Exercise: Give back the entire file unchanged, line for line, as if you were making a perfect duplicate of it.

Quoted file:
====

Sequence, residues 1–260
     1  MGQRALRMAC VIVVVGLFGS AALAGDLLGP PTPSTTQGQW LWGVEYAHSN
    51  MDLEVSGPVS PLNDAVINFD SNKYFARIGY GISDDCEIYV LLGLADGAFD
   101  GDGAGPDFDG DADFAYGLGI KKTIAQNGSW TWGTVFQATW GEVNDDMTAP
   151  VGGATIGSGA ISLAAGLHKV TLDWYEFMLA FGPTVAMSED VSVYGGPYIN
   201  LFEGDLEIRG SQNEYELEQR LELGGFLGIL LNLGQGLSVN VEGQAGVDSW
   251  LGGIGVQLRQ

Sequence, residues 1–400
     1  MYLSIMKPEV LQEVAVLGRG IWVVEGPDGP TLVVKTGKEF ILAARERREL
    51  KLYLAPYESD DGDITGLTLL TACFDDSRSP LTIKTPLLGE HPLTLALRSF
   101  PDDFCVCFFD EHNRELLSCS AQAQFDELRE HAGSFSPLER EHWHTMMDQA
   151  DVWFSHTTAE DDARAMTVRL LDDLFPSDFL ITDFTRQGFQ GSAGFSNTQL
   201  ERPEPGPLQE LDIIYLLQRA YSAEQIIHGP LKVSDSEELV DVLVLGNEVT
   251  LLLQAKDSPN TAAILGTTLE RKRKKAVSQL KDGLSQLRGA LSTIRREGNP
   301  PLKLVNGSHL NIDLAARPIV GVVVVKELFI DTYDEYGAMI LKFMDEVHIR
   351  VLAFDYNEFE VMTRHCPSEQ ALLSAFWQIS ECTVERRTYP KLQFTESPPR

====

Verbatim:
Sequence, residues 1–260
     1  MGQRALRMAC VIVVVGLFGS AALAGDLLGP PTPSTTQGQW LWGVEYAHSN
    51  MDLEVSGPVS PLNDAVINFD SNKYFARIGY GISDDCEIYV LLGLADGAFD
   101  GDGAGPDFDG DADFAYGLGI KKTIAQNGSW TWGTVFQATW GEVNDDMTAP
   151  VGGATIGSGA ISLAAGLHKV TLDWYEFMLA FGPTVAMSED VSVYGGPYIN
   201  LFEGDLEIRG SQNEYELEQR LELGGFLGIL LNLGQGLSVN VEGQAGVDSW
   251  LGGIGVQLRQ

Sequence, residues 1–400
     1  MYLSIMKPEV LQEVAVLGRG IWVVEGPDGP TLVVKTGKEF ILAARERREL
    51  KLYLAPYESD DGDITGLTLL TACFDDSRSP LTIKTPLLGE HPLTLALRSF
   101  PDDFCVCFFD EHNRELLSCS AQAQFDELRE HAGSFSPLER EHWHTMMDQA
   151  DVWFSHTTAE DDARAMTVRL LDDLFPSDFL ITDFTRQGFQ GSAGFSNTQL
   201  ERPEPGPLQE LDIIYLLQRA YSAEQIIHGP LKVSDSEELV DVLVLGNEVT
   251  LLLQAKDSPN TAAILGTTLE RKRKKAVSQL KDGLSQLRGA LSTIRREGNP
   301  PLKLVNGSHL NIDLAARPIV GVVVVKELFI DTYDEYGAMI LKFMDEVHIR
   351  VLAFDYNEFE VMTRHCPSEQ ALLSAFWQIS ECTVERRTYP KLQFTESPPR